Tesla roadtrip – back to Norway from France

My last post got so long that I decided to split it in two. So here’s the tale of our journey back to Norway from France.


That’s a strange charging station placement.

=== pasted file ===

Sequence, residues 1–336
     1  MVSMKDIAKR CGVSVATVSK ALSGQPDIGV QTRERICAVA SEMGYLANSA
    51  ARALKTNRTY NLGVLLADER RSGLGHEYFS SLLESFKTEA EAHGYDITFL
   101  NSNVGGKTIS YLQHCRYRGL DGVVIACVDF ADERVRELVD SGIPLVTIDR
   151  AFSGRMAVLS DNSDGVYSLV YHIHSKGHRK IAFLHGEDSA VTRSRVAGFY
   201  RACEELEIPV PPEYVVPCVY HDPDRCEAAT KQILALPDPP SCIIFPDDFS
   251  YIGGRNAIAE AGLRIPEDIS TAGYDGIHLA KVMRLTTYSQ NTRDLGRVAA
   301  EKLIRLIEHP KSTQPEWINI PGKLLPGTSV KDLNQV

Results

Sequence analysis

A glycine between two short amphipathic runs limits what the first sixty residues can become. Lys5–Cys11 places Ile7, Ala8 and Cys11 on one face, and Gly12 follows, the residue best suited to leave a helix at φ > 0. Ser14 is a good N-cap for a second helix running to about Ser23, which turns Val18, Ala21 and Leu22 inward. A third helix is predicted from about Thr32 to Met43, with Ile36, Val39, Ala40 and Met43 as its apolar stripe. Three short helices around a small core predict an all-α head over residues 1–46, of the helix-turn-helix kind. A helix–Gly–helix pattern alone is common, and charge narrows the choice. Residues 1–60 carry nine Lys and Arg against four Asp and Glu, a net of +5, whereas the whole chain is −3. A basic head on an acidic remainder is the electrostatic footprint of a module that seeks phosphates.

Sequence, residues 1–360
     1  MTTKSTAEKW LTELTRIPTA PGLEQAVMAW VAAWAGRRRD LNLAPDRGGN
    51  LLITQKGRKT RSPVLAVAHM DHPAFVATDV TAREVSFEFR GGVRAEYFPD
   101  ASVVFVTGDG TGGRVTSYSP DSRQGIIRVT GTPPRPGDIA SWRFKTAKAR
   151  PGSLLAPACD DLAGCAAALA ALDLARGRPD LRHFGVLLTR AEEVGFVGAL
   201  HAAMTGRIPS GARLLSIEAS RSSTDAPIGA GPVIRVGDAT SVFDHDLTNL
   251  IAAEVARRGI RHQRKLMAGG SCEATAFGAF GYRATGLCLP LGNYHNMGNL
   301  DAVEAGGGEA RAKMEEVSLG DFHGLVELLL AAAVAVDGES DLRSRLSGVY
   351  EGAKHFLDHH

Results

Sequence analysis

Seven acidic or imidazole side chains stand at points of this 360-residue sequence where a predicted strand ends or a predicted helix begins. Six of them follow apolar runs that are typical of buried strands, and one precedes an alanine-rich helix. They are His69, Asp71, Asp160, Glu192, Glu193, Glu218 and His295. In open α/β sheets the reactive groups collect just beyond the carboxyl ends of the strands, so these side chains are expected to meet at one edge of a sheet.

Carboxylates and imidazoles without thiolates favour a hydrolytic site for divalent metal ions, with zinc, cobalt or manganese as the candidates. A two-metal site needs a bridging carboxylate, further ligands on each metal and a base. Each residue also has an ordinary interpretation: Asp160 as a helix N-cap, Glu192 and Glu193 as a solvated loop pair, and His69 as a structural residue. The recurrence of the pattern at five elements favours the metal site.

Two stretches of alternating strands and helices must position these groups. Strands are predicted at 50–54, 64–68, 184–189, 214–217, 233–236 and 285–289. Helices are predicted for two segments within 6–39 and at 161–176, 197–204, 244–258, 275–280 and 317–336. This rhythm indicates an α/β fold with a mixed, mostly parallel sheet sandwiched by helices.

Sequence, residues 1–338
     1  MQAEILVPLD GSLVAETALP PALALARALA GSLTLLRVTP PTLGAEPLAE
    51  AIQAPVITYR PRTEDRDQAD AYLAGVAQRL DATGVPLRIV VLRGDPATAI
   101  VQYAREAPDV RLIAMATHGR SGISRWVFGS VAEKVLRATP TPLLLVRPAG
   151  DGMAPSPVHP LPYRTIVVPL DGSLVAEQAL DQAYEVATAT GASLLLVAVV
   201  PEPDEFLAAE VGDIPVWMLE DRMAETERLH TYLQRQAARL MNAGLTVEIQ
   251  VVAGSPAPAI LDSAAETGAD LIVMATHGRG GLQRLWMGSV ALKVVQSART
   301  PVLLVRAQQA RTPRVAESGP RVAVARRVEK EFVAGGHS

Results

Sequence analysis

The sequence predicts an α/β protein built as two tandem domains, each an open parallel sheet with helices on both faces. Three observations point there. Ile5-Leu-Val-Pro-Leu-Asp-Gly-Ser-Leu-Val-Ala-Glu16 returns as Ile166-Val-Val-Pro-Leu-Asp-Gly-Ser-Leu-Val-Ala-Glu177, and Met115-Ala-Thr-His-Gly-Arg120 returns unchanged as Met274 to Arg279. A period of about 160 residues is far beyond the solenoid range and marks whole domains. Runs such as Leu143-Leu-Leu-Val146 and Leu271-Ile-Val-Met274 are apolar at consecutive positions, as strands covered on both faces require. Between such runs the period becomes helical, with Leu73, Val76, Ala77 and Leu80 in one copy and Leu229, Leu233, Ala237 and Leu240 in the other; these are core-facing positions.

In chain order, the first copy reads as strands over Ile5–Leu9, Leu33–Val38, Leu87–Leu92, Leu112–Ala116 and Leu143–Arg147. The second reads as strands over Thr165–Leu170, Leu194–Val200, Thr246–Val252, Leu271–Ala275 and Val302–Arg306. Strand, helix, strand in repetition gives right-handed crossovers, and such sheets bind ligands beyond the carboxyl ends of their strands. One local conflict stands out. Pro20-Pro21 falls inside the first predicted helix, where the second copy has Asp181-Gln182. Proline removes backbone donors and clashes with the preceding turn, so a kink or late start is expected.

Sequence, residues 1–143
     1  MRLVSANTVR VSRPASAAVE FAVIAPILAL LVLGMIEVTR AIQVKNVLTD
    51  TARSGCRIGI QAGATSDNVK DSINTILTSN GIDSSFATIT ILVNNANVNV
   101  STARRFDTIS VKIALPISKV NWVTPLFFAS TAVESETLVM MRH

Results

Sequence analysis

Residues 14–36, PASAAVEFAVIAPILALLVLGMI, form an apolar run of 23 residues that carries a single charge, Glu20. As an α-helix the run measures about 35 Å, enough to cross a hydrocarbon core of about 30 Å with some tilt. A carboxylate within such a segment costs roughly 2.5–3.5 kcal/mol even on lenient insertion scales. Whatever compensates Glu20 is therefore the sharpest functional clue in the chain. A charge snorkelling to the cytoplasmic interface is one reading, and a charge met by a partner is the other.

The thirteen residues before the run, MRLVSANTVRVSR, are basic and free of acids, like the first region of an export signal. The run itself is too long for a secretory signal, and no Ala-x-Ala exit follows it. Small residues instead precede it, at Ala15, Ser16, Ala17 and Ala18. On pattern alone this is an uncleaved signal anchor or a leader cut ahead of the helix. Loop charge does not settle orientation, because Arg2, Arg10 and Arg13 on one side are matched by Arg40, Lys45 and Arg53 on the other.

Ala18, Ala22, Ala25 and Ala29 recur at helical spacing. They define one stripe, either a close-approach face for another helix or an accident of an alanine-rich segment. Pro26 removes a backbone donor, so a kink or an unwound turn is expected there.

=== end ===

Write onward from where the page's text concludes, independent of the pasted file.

For a little excitement on our way back to Norway, we had planned to make a small detour to Europa Park for some roller coaster fun. The acceleration in a Tesla may come close to the feeling in a roller coaster, but it can’t truly compete with an actual roller coaster ride :) So we set the GPS to Europa Park and didn’t concern ourselves much with the route, it was only supposed to be a short 50-something km trip. Not that it wasn’t, but the GPS sure took us the scenic route. I have no idea if there could have been a more efficient road to take, but when we got to the border between France and Germany, we sure began to wonder. Suddenly we were stuck in a non-moving line of cars, and it took us a few seconds to realize it was, indeed, a ferry queue. I had really not imagined there could be a route involving ferries this far from any sea, but there it was. A ferry across the Rhine. Now, after a few seconds of confusion, we quickly realized it was a very short ferry trip of maybe around 100m with a ferry that was just going constantly back and forth, so it didn’t take us very long, and it was free too. But I would have liked to know from the beginning that this route involved a ferry, and if there was an alternate route that did not involve one. Especially considering the ferry did only traffic over during the day/evening, so if we’d been there late at night we’d been stuck. Would the GPS have known and routed us differently? I have no idea. In any case, after some more scenic routes through Germany, we arrived what felt like the back-door way to Europa Park. We had to make a weird 180-degrees turn to get into the usual line into the parking area. Another fun thing was that there was a Type-2 charging station at Europa Park. But it wasn’t inside the parking area like you would think, it was on the inside of a bus-stop. We actually passed it on our way to the parking area, and I wonder if we could have just parked there for free while we charged, but it didn’t really feel safe to leave our car somewhere buses might be driving in and out all the time. And we knew we had enough power left to reach our first supercharger on the way home anyway, since we’d planned for that.